Sunday, April 29, 2018

A Theory of Relativity


Shopper in Tokyo's Harajuku district, 2016

     As a writer, my task is to find interesting stuff and write about it, in the newspaper and here. It is not my job, generally, to bird dog the good writing of others and point you toward that instead. For two reasons.
     First, because I assume you can find enough to read on your own, without my direction. And second, that would make me kind of a eunuch at the orgy: standing idly by while others act, denied the pleasure of doing it myself.
     Who wants that?
      And yet. Sometimes a story is so extraordinary that ignoring it in order to present whatever little finger puppet display I've got going here feels wrong. That's like showing you a cat's cradle while a comet streaks overhead. Sometimes, you have to drop the string and point at the comet. 
     The opportunity doesn't arise too often, unfortunately. It's been well over three years since I played carnival barker to Patricia Marx's delicious send-up of comfort animals. So I don't think it's a bad thing for me to say today, in essence, stop reading here and instead rush to Elif Batuman's jaw-dropping Letter from Tokyo, A Theory of Relativity: Japan's rent-a-family industry, which would be incredible were it merely reporting what it is about: that in Japan you can hire people to pretend to be your mom or dad, sister or brother, son or daughter. This proves useful in all sorts of settings: a groom whose parents have died will hire an older couple to fool people at his wedding. A widower hires a woman to come to his house and make pancakes, and a surrogate daughter to laugh at his jokes and poke him in the ribs.
     It would be incredible enough just discovering the practice—I've visited Japan, twice, and my sister-in-law is Japanese and somehow I never heard of this.  My hunch is that most people are similarly unaware.
    But Batuman, a Turkish novelist, does something more difficult: she puts the practice into cultural context, and wonders why we find it ordinary to, oh, hire somebody to clean your house or give you a massage, but find the idea of hiring someone to pretend to be your mom almost repellent.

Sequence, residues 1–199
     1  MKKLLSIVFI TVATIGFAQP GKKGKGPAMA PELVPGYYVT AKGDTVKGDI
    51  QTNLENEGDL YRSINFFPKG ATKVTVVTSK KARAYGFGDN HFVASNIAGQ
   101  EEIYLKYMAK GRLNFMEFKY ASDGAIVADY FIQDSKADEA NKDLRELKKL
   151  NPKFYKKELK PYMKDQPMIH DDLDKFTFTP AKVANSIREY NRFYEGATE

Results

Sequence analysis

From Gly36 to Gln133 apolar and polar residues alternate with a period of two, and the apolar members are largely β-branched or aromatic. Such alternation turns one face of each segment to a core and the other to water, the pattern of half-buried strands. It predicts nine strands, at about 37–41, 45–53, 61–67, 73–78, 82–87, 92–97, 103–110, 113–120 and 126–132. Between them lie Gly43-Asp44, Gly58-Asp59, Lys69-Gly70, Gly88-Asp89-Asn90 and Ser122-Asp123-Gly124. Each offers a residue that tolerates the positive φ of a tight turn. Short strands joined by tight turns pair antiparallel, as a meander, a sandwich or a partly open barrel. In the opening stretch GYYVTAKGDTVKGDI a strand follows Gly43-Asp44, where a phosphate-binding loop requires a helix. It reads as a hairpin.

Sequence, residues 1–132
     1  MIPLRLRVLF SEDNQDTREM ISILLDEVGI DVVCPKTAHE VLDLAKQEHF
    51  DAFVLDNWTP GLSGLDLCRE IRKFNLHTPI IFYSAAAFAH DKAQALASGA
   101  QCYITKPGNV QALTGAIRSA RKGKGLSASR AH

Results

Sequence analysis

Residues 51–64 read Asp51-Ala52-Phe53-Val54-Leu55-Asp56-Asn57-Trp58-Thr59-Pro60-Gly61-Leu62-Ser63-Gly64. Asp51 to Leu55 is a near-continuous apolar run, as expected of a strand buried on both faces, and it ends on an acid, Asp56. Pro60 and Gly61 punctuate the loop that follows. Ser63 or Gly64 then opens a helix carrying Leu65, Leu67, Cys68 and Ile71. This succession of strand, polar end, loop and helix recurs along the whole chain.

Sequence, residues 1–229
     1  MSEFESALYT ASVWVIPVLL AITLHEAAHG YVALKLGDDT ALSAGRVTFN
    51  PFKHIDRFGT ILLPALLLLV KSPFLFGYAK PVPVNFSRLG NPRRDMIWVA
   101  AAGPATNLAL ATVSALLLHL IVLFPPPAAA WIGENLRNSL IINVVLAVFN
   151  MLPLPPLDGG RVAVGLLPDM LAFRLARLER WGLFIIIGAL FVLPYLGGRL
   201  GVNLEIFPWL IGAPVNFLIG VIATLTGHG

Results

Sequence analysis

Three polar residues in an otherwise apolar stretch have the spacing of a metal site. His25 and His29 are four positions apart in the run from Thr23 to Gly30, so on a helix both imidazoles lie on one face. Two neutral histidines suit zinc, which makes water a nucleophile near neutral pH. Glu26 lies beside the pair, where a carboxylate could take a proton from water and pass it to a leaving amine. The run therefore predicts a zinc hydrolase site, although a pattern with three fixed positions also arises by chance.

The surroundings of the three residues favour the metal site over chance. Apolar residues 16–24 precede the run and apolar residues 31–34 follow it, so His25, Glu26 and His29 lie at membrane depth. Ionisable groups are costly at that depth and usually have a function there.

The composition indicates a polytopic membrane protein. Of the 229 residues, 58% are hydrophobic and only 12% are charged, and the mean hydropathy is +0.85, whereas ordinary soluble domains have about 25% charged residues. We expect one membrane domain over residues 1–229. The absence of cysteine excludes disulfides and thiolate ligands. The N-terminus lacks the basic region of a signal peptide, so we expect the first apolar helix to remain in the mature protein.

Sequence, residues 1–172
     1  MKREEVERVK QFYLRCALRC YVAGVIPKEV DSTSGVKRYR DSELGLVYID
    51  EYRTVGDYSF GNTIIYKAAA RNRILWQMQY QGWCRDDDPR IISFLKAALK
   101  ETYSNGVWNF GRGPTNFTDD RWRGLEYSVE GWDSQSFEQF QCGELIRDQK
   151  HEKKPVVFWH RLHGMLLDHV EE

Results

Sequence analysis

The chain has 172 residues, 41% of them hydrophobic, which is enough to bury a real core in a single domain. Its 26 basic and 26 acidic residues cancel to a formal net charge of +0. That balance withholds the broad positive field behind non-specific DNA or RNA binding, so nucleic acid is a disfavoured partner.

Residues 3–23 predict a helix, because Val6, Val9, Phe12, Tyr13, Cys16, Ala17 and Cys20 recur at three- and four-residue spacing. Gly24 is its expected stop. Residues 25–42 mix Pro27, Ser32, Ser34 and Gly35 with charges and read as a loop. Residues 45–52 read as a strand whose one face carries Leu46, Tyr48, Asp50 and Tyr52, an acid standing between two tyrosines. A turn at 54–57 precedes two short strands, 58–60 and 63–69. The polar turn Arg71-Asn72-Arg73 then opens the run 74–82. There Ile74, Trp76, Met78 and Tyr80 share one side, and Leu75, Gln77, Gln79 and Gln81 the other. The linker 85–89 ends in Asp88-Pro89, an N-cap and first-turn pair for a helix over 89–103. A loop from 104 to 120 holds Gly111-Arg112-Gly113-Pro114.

You might react differently, but by the time I finished the article, I found myself shifting from shock and near-revulsion to almost envying the practice, wishing I could hire myself a temporary father ("Neil, I know when you started your career as a writer, I shrugged it off as non-scientific failure, but now I'm proud of you, and what you've done...") or a couple of surrogate sons, ("Hey dad! Wanna play catch? Oh, and by the way, thanks for putting me through four years of college. That was nice of you.")
     It's a deeply strange, human and heartbreaking world, and the privilege of the writer to find it and present it on a platter. Enough throat-clearing from me for today. Go read Elif Batuman's piece in the New Yorker. 

5 comments:

  1. Interesting to say the least. Will definitely check out this piece.

    ReplyDelete
  2. Musicians will recommend other performers, why should writers be any different? I understand reluctance to criticize other writers. If the fools can't see that James Patterson being prolific doesn't make him worth reading. But to point readers to John McPhee is like leading the thirsty to a well.

    ReplyDelete
  3. Did you follow that shopper? I'd like to know what is in his bags and what he is going to buy next. Nighttime in Shinjuku is boring compared to that guys palatte.

    ReplyDelete
  4. I started reading A Theory of Relativity at 7 o’clock this morning , but had to stop at the point where the rental daughter advises Mr. Nishida how to treat his real daughter; otherwise I would be going to church with tears streaming down my face. After church and breakfast with my nephew, whom I would have to create if he didn’t exist, I read the rest of the article. I found it sad and wonderful, simple and complicated, similar to the way I regard psychotherapy — perhaps helpful, perhaps destructive, maybe leading to an improved life, maybe blocking the path to improvement. Thanks for the recommendation.

    John

    ReplyDelete
  5. Japan also has a thriving rent-a-pet industry. One can rent a canine to take to a dog park, or buy a drink and hang out at a bar that allows you to pay by the hour while interacting with any or all of their felines. The Japanese love cats. An Japanese-speaking, cat-loving, American bar-owner could relocate to Tokyo and make a fortune. Too bad the name "Hello Kitty" is unavailable.

    ReplyDelete

Thank you for your comment, which will be published at the discretion of the proprietor.